Photo: Ragged Point along Highway 1 in northern San Luis Obispo County, California. This is one of several scenic byways that the Federal Highway Administration has marked as an “All-American Road.” (Credit: Leon Kaye)
As the U.S. embarks on a fitful reopening this summer, the Federal Highway Administration (FHWA) recently dangled its own economic stimulus package to many small businesses, just in time for the spring and summer.
The gift from the FHWA comes in the form of the designation of dozens of scenic roads across the country as “America’s Byways." Announced in February, the news first came in the dead of winter and while the future of mass vaccination was still in doubt. But as the number of people who are partially or fully vaccinated continues to climb, more Americans are ready to break free of their cabin fever, yet they may just not quite be ready to fly with the ongoing “middle or no middle seats” on airplanes debate still unfolding.
Most of us have few, if any, fleeting thoughts of the Federal Highway Administration — unless, of course, we are cursing construction or gridlock on an interstate. But in addition to building and managing the country’s highway systems, the FHWA runs several smaller programs, including America’s Byways.
Whether they are “National Scenic Byways” or “All-American Roads,” the routes that the 30-year-old FHWA program recognizes are streets and highways that in some way contribute to the American experience. The process is fairly straightforward: Such roads and highways must already be recognized as a state-level scenic byway and demonstrate regional importance. Finally, depending on the designation, these routes but possess at least one or two of the following attributes: They must show archaeological, cultural, historic, natural, recreational or scenic significance.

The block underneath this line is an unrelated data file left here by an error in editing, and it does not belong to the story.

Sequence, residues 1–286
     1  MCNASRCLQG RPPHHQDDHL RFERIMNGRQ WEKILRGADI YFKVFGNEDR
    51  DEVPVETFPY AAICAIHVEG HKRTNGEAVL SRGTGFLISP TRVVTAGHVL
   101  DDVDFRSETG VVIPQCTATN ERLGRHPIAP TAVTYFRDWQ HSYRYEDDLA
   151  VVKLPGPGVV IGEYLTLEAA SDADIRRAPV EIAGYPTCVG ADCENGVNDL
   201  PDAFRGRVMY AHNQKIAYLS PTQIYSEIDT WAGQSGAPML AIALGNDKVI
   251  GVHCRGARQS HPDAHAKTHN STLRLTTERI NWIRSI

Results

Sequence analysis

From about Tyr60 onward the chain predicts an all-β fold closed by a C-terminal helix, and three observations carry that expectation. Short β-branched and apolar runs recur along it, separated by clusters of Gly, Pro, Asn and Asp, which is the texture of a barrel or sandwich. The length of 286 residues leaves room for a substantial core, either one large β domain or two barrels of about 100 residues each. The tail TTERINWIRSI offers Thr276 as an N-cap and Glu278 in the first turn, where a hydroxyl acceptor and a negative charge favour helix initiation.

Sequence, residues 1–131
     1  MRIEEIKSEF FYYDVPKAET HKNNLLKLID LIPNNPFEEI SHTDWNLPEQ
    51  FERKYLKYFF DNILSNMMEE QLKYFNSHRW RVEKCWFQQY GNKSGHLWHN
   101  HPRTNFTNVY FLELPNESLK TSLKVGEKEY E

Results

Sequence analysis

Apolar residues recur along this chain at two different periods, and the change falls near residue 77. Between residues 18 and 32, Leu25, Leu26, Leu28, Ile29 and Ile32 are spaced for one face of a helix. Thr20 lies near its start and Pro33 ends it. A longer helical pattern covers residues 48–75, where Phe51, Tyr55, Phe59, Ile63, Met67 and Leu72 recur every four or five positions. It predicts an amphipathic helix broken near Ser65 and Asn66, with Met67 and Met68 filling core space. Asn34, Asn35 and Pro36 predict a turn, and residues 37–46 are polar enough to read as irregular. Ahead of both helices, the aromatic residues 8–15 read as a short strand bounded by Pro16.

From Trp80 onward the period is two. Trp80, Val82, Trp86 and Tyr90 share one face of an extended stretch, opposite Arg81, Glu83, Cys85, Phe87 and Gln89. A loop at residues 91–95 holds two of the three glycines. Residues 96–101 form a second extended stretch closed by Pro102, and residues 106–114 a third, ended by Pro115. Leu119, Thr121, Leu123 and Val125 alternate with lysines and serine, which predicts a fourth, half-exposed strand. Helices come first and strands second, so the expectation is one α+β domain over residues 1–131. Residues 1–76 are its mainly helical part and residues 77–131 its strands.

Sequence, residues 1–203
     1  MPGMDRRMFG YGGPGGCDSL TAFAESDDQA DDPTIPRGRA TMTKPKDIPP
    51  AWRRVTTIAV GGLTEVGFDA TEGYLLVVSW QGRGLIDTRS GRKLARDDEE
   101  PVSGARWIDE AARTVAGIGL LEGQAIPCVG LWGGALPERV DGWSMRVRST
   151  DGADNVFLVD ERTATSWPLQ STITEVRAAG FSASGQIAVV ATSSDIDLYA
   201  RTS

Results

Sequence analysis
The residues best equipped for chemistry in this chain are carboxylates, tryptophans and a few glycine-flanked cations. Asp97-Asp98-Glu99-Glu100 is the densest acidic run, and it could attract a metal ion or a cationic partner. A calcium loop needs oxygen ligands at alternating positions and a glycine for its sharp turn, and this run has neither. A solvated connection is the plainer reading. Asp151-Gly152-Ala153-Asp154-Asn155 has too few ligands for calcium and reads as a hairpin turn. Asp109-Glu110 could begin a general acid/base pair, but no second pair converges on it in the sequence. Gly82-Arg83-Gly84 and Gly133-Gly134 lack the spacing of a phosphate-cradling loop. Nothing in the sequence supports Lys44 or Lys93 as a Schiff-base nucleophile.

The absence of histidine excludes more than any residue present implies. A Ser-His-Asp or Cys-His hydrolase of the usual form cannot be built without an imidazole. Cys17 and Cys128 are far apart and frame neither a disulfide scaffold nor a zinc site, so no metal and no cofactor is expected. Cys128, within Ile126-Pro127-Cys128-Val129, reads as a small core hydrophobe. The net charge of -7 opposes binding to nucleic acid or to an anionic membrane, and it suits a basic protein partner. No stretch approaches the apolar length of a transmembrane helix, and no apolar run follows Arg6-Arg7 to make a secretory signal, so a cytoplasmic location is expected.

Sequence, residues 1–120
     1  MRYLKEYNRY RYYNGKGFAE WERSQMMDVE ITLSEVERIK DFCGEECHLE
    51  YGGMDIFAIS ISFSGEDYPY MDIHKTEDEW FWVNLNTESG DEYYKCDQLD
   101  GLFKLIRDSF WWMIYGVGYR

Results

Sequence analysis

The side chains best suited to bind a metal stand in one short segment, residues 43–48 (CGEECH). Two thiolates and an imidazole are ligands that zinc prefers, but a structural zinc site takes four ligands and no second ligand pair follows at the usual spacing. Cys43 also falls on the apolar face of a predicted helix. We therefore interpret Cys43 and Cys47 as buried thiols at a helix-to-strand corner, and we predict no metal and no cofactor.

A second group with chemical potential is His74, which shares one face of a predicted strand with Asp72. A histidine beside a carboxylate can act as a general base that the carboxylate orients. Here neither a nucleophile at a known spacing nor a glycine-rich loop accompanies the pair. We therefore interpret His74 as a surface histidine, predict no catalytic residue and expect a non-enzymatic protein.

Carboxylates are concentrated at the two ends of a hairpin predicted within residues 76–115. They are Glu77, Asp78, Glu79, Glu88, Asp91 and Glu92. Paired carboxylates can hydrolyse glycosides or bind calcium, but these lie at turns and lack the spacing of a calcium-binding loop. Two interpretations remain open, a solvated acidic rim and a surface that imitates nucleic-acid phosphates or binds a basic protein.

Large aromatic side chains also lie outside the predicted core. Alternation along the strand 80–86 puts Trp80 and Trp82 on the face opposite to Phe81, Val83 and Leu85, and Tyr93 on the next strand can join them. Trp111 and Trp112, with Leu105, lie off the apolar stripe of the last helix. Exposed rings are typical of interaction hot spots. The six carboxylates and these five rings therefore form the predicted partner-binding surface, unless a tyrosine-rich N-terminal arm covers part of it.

The scenic byways that have won these FHWA seals of approval run literally and figuratively all over the U.S. map, from remote desert highways in California to Charles Street in historic downtown Baltimore. For visitors, the experience of driving along these highways and streets can be stellar. Just ask anyone who has experienced Highways 1 and 101 versus Interstate 5 in California; the same goes for U.S. Routes 9 and 9-W in upstate New York compared to Interstate 87.
The winners aren’t only the likes of history buffs, antiquers, kayakers or rockhounders — local businesses could benefit this summer as well. The new scenic byways are a boon to main street businesses, independent hotels and roadside diners that have cause for some optimism as they get ready to welcome visitors a year after the dreadful summer of 2020.
"Through their many unique qualities, each of these new additions to the National Scenic Byways program helps America’s roads tell our national story," said Tom Everett, FHWA’s executive director, in a February public statement. "These special routes offer travelers exciting new opportunities to explore the nation, from coast to coast or close to home."
The newly designated routes are scattered afar, from inland Maine’s Katahdin Woods and Waters Scenic Byway to the Flaming Gorge-Green River Basin Scenic Byway in southwestern Wyoming.
Scenic America, one nonprofit that is focused on preserving the character of older towns and cities, as well as much of the U.S. countryside, also welcomed the move — noting this was the first batch of newly labeled scenic byways since 2009. “The program’s revitalization comes at a critical time for the travel and tourism sector as it contends with the devastating impacts of COVID-19 on communities that rely on a robust hospitality industry,” the group announced shortly after the FHWA’s statement.
Just as evidence suggests investments in the arts can spark local economies, a similar argument can be made for these scenic byways. Over a decade ago, for example, the University of Minnesota completed a study concluding that that investments along some of the North Star State’s scenic routes paid off for local communities.
And with over 180 of these routes across the U.S. — the only two states without any are Hawaii and Texas — the results could mean more local spending and a break from the pandemic routine most of us have been living for more than 12 months.
Leon Kaye has written for 3p since 2010 and become executive editor in 2018. His previous work includes writing for the Guardian as well as other online and print publications. In addition, he's worked in sales executive roles within technology and financial research companies, as well as for a public relations firm, for which he consulted with one of the globe’s leading sustainability initiatives. Currently living in Central California, he’s traveled to 70-plus countries and has lived and worked in South Korea, the United Arab Emirates and Uruguay.
Leon’s an alum of Fresno State, the University of Maryland, Baltimore County and the University of Southern California's Marshall Business School. He enjoys traveling abroad as well as exploring California’s Central Coast and the Sierra Nevadas.